One night a limousine pulled up to the corner, and out came Elton John and his entourage of several male friends. They were dressed rather outrageously, purple tights stand out in my memory (don’t recall the rest of the wardrobe, but suffice to say it was not the usual Maui summer attire).

    They stormed the store (enthusiastically, but very politely), piling up stacks of t-shirts, designer windbreakers, and sunglasses, and the odd watch or two. I couldn’t decide if I should acknowledge knowing who he was, or just act all cool and professional. I opted for just treating him like anyone else.

    It sure was a great night to be working on commission though as they were extravagant shoppers! He and his friends were quite friendly and nice, not all all snobbish.

    The best part was when they came back the next day and our other clerk, Jim was working. He bore a striking resemblance to Elton, and constantly got comments about looking related to him.

    When Elton John came into the store that afternoon, the first thing Jim said to him was, “Excuse me, but did anyone ever tell you that you look just like me?”

    Elton took it in stride and laughed with him about it and shopped up a storm again.

    I did hear later that he was bemoaning being swarmed on the streets by people recognizing him, and we all thought…hmmm…perhaps if he ditched the limo and purple tights and rhinestones, he might be able to be a bit more incognito.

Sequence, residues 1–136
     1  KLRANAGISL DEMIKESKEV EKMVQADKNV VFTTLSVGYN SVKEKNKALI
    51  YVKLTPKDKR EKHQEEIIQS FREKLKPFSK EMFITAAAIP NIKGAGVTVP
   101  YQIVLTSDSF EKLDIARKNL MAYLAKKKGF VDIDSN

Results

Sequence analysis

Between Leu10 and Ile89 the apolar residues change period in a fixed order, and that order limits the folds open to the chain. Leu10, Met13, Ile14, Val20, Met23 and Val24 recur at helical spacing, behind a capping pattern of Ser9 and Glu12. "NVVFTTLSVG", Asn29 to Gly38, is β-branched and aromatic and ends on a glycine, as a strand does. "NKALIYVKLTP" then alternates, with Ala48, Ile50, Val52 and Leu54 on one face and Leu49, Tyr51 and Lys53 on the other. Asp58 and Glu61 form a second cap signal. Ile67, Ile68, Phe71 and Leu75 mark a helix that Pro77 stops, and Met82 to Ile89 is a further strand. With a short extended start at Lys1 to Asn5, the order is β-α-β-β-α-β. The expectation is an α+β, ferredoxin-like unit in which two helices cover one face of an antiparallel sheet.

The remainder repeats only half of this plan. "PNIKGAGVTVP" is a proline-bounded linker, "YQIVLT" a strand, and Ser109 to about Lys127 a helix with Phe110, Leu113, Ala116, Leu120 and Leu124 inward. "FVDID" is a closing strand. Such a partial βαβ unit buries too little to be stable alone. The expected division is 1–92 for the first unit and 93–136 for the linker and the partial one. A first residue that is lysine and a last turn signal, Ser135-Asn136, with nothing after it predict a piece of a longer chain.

• Shelley

    Richard Simmons also arrived by limo one day, however he wouldn’t get out of the car at all, and just sent his driver in to purchase something.

    Our shop owner (who had been known to chase people down the street to make a sale), wasn’t going to let him get away that easily. He went out to the car and convinced him to roll down the window (just a little bit), but Richard Simmons refused to come in the store and seemed really unwilling to be even a tiny bit social.

    Bonnie Raitt started to walk into the shop one day, but when she saw the look of recognition on my face, before I could even speak, she turned around and hurried off down the street.

  • Nadine

    I once worked in a gift shop in a nice businessman’s hotel in Manhattan. Along with the usual NYC souvenir tchochkes, the store stocked a few men’s shirts, ties, and underwear for those times the luggage was lost or a business trip lasted longer than planned.

    One night, a German was in the store looking at men’s briefs but he didn’t know how to convert European sizes into American sizes. I was the only one on duty that night at the cash register so he came over and asked me for help, but I didn’t know anything about men’s clothing sizes.

    David Frost (pre-knighthood) had just paid for a newspaper, so the German recognized him and said “Hey! You’re European! Can you tell me what size I’m wearing and if this will fit me?” With that, the German turned around, tugged out the tag from the back of his underpants, and showed it David Frost.

    Mr Frost read the size on the tag, then the package of briefs the guy was holding, and said he was sorry but he couldn’t help.

    I don’t remember what happened re the German’s drawers emergency, but I totally remember with Mr Frost’s civil manners.

  • I had never heard of Dina Lohan. I wondered if she was bigger than a tea bag?